The construction of the airstrip is the 326th Engr. Bn.’s largest project so far in the war. A company of infantry secured some landing zones near the old French strip at Ta Bat, some engineers were airlifted in and the next day Flying Cranes and Chinooks flew 48 sorties to bring every major piece of engineer equipment together for the first time for one job. Equipment marshaled for the project ranged from the light-weight mini dozer to the 15,000-pound D5A bulldozer. For the first few days the dozers floundered in the sticky bog created by the soaked clay found under the covering of elephant grass and topsoil.

Trenches were cut on either side of the strip to allow the water to drain away, parts of the bog were filled in, trees were “blown” and cleared away. Fifty-four working hours later, the strip complete, the first C‑7A Caribou, a twin engined transport, touched down in a cloud of dust.

For several weeks previously, engineers of the 27th Engr. Bn., 18th Engr. Bde. had been slowly cutting their way from FB Birmingham through the wilderness to create a graded road all the way from Camp Eagle to the A Shau.

Most of the road, Route 547, was cut into the sides of steep, jungled hills. The mountainous terrain forced the engineers to build some wide loops and some narrow hairpin turns.

On June 20 the road was initiated momentously with the entrance into the valley of the first armor in history. A column of 80 tracked vehicles of the 3rd Sqdrn., 5th Cav., 9th Inf. Div. and 7th Cav., 1st ARVN Div. left FB Blaze and Cannon early in the morning. The lead APCs reached the new Ta Bat airstrip seven hours later without incident.

Maj. Gen. John M. Wright Jr., commanding general of the 101st, commented on the importance of the road and airstrip. “We’re stronger now in the sense that we have more alternatives available to us to resupply whatever forces we commit out there. “It’s more economical and more efficient to resupply our troops via ground vehicle whenever we can . . . It’s also efficient to resupply by fixed‑wing aircraft.”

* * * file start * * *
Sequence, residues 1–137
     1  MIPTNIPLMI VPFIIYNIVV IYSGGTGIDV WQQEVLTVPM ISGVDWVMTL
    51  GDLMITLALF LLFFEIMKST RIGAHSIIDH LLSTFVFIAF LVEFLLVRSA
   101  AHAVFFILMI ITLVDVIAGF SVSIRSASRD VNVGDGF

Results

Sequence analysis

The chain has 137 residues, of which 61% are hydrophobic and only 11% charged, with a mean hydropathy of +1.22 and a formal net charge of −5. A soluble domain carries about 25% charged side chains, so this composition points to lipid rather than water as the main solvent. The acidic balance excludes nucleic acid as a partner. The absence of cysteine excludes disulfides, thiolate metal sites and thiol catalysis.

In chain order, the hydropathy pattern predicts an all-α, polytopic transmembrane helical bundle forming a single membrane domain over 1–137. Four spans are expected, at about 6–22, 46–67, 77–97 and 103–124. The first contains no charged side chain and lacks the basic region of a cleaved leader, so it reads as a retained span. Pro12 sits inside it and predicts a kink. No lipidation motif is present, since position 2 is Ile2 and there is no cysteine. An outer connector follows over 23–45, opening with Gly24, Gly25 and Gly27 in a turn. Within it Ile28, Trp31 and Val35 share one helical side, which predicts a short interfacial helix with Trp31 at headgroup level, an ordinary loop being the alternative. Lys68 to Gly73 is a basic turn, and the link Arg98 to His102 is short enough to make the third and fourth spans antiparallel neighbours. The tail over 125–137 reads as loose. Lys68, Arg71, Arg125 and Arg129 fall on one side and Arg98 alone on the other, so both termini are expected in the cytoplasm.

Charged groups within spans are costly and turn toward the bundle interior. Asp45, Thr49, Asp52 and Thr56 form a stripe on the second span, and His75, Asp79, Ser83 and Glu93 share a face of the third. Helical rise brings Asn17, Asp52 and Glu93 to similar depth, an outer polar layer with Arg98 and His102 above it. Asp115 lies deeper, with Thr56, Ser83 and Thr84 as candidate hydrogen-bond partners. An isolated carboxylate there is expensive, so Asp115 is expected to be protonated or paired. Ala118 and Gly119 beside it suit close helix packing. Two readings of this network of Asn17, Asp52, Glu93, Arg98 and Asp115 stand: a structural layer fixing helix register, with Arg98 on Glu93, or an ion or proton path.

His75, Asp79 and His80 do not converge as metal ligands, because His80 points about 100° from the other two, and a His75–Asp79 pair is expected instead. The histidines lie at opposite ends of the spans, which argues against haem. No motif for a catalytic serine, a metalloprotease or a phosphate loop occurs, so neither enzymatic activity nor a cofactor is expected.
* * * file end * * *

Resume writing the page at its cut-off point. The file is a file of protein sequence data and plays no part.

Meanwhile, with four Screaming Eagle battalions and two 1st ARVN Div. battalions engaged in sweeps on the eastern approaches of the valley, the enemy reacted to the allied presence with two vicious sapper attacks.

Just after 4 a.m. on June 14 at FB Berchtesgaden, Sfc. Angel M. Rosado, Jacksonville, Fla., was standing outside the CP of B Co., 1st Bn., 506th Abn. Inf. when he spotted a figure inside the barbed wire perimeter. “Who are you?” Rosado challenged. “Quan,” the figure replied. Rosado yelled a warning and rushed the startled NVA, throwing him over the wire and down a 20 foot embankment. With that the battle spread quickly as other sappers infiltrated. Sgt. Maj. Robert D. Bryson, Houston, Mo., the 3rd Brigade operations sergeant major, killed three sappers while on his way to the brigade TOC, then wounded a fourth. The enemy managed to crawl close enough to the entrance to throw a satchel charge through it. Col. Joseph B. Conmy brigade commander, was wounded in the blast.

Two hours later the battle was over. Thirty-two NVA had been killed, two prisoners captured, and eight RPG launchers and eight AK-47s taken. The next night FB Currahee, three and a half kilometers away, was attacked by an estimated 200 NVA believed to have come from the 29th Regt., which was decimated the month before on Dong Ap Bia. The attack was repelled by infantrymen of B Co., 2nd Bn., 502nd Abn. Inf. and two artillery batteries. No enemy managed to breach the perimeter, and the next day 54 enemy dead were found outside the wire.

As of August 5, with Montgomery Rendezvous continuing, a total of 323 enemy had been killed, 39 crew‑served weapons and 144 individual weapons captured.

By Spec. 5 Robert Borders

The rain and sweat‑soaked paratroopers struggle up the slope. Swept clear of vegetation by the withering artillery fire and muddied by the rain, the denuded earth becomes a slippery mud slide. The men struggle forward and then slip back. Dong Ap Bia itself, as well as the NVA, seems against them.